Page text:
Chapter 12 of Luke had Jesus saying practically the same thing earlier this summer: if you want to be a disciple, your household may be divided. Deciding to follow Jesus, being a real disciple, is hard work. People may not like you for it. They may not agree with you. And the price you pay may be difficult, may even seem like death itself. All through Luke, Jesus points to the cost of discipleship. All through Luke, Jesus challenges the thinking and lifestyles of his listeners, and many—the rich, the powerful, the comfortable—revile him for it. But the tax collectors and sinners kept coming back. Could it be that even though Jesus challenged them and talked about the cost, they came back because he never stopped loving them, healing them, and showing them how much they were cared for by God? Even when Jesus really gets to the point of meddling in their lives, he continues to show them how good it is to live the way God wants us to live. Jesus was really doing no more than calling them to look again at how they were living their own law, their own Torah. Many of the religious leaders seemed to have fallen away from a true living out of the law God had given them. Many had let both their material possessions and their desire for power get in the way of living a godly life. They had no interest in this back-country preacher upsetting the apple cart.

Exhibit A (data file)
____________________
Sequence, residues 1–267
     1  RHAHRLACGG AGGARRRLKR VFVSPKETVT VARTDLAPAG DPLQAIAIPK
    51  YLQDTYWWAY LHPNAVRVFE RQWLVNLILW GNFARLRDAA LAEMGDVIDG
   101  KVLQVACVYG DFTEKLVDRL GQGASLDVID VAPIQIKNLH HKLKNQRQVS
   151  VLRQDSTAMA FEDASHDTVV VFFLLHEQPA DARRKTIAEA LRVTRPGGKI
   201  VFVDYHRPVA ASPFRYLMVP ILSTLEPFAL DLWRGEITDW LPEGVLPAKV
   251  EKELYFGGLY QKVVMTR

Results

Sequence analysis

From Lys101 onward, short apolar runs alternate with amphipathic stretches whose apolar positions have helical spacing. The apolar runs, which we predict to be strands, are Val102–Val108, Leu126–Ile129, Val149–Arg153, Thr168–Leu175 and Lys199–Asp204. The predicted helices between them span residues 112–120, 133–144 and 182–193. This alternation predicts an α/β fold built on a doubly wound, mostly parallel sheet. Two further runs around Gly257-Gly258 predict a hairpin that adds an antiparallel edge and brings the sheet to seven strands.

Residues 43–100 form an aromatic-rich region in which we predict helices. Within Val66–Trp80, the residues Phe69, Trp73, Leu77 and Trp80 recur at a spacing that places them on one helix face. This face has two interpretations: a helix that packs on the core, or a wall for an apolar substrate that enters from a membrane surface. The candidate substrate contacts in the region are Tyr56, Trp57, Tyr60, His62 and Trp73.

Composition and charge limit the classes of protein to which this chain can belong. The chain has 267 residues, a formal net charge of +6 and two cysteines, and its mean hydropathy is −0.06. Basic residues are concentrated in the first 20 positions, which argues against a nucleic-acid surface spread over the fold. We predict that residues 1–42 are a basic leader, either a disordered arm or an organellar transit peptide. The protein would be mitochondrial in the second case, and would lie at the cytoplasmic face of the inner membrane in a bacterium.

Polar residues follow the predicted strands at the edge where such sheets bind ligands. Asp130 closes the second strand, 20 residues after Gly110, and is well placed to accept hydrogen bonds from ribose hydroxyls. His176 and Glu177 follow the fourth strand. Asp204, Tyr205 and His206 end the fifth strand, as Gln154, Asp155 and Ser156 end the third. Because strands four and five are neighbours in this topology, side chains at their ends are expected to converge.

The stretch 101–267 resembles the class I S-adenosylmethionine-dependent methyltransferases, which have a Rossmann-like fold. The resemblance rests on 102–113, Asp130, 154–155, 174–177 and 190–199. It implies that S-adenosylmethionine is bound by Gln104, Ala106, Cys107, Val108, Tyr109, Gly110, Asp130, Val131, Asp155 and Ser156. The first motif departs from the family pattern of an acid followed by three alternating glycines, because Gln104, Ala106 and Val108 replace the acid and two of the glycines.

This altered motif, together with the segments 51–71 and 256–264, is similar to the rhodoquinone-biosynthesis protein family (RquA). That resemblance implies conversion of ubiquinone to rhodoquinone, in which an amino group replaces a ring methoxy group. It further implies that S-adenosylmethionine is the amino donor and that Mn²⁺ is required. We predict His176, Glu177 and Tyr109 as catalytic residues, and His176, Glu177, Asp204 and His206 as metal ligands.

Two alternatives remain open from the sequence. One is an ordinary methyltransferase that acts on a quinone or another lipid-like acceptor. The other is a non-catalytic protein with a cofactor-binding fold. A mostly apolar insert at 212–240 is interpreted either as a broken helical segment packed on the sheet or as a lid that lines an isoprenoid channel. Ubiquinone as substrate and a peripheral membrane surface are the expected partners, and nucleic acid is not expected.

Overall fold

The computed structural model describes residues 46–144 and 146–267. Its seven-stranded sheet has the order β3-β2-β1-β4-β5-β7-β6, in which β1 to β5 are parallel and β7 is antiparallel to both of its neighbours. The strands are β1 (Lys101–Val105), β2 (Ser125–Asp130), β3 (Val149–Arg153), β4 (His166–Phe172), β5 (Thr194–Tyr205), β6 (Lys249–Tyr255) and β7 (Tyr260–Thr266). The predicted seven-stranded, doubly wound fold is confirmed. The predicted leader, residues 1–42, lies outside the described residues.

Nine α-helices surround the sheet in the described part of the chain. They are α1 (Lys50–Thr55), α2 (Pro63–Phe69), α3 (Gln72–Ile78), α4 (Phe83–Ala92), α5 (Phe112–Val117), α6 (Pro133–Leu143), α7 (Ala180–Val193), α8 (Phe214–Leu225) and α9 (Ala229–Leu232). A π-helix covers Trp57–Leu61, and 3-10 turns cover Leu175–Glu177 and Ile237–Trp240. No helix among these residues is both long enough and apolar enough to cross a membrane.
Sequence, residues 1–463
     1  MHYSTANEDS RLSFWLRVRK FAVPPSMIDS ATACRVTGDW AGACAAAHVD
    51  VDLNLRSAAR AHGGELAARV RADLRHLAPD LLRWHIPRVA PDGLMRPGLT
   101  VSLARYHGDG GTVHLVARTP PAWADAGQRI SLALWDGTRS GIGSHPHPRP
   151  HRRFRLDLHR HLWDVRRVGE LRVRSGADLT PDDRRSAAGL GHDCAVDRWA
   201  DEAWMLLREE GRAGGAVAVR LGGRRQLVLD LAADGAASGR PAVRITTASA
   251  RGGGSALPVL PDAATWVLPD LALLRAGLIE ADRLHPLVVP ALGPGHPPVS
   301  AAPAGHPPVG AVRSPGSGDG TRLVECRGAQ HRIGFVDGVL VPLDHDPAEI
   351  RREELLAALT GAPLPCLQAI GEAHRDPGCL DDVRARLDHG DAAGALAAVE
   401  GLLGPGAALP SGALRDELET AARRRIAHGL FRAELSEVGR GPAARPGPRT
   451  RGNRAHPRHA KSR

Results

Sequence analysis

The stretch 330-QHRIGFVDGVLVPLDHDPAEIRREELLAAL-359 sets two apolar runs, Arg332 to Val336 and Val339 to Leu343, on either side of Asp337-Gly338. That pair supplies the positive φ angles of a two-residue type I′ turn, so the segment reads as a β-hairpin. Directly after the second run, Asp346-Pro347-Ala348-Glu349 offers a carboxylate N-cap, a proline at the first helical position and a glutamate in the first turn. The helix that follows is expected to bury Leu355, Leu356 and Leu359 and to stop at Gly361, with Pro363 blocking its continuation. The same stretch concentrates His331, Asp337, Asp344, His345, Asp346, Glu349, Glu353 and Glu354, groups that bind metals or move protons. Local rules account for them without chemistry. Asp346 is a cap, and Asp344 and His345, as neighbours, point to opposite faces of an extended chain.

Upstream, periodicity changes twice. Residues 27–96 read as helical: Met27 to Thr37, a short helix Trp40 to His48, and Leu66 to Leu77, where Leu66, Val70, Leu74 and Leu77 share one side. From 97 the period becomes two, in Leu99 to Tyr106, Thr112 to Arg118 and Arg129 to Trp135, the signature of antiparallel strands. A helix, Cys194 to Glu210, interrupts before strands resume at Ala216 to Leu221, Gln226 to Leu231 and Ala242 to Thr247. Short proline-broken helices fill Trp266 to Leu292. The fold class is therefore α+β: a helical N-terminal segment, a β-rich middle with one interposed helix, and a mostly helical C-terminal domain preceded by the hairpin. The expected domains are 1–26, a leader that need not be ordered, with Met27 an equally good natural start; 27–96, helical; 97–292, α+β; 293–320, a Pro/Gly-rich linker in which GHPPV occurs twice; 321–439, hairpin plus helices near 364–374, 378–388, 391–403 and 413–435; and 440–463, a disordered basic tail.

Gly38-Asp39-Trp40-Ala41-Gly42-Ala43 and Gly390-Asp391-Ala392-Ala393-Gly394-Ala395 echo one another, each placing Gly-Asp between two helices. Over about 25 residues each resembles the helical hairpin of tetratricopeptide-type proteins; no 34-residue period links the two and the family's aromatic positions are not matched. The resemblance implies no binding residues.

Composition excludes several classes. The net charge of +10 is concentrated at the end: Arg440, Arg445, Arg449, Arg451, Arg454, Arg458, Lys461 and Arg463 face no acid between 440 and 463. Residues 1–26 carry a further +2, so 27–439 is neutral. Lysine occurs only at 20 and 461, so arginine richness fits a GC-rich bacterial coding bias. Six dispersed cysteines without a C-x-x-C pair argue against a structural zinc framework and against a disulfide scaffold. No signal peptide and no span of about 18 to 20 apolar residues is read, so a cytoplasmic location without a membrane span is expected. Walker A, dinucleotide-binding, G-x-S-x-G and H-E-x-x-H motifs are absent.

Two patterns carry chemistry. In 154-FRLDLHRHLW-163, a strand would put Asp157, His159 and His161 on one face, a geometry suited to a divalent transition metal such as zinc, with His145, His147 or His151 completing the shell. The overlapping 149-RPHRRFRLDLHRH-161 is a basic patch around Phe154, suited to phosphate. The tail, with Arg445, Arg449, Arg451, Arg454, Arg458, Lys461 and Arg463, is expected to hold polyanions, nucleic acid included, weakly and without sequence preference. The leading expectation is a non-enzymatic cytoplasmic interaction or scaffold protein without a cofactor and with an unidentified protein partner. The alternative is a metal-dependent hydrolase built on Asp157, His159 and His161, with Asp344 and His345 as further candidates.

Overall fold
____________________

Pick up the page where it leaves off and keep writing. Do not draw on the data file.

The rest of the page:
But the tax collectors and sinners kept coming back. Even if they weren't living perfect lives themselves, they certainly understood what it meant to be rejected, what it meant to be oppressed, what it meant to be living a life that came with a cost. And because they kept coming back, they saw that in the midst of the hard times God was still with them. As we say in our current Eucharistic prayer, “You never ceased to care for us.” In the chapter before today's passage, Jesus reminds all of them that the kingdom of God is already here, in our midst, and that the kingdom is like a tiny mustard seed that will grow into a tree so big that the birds will make their nests in it. The kingdom of God would be a place of support for them, Jesus told them. "Go out into the roads and lanes, and bring people in so that my house may be filled," Jesus told them.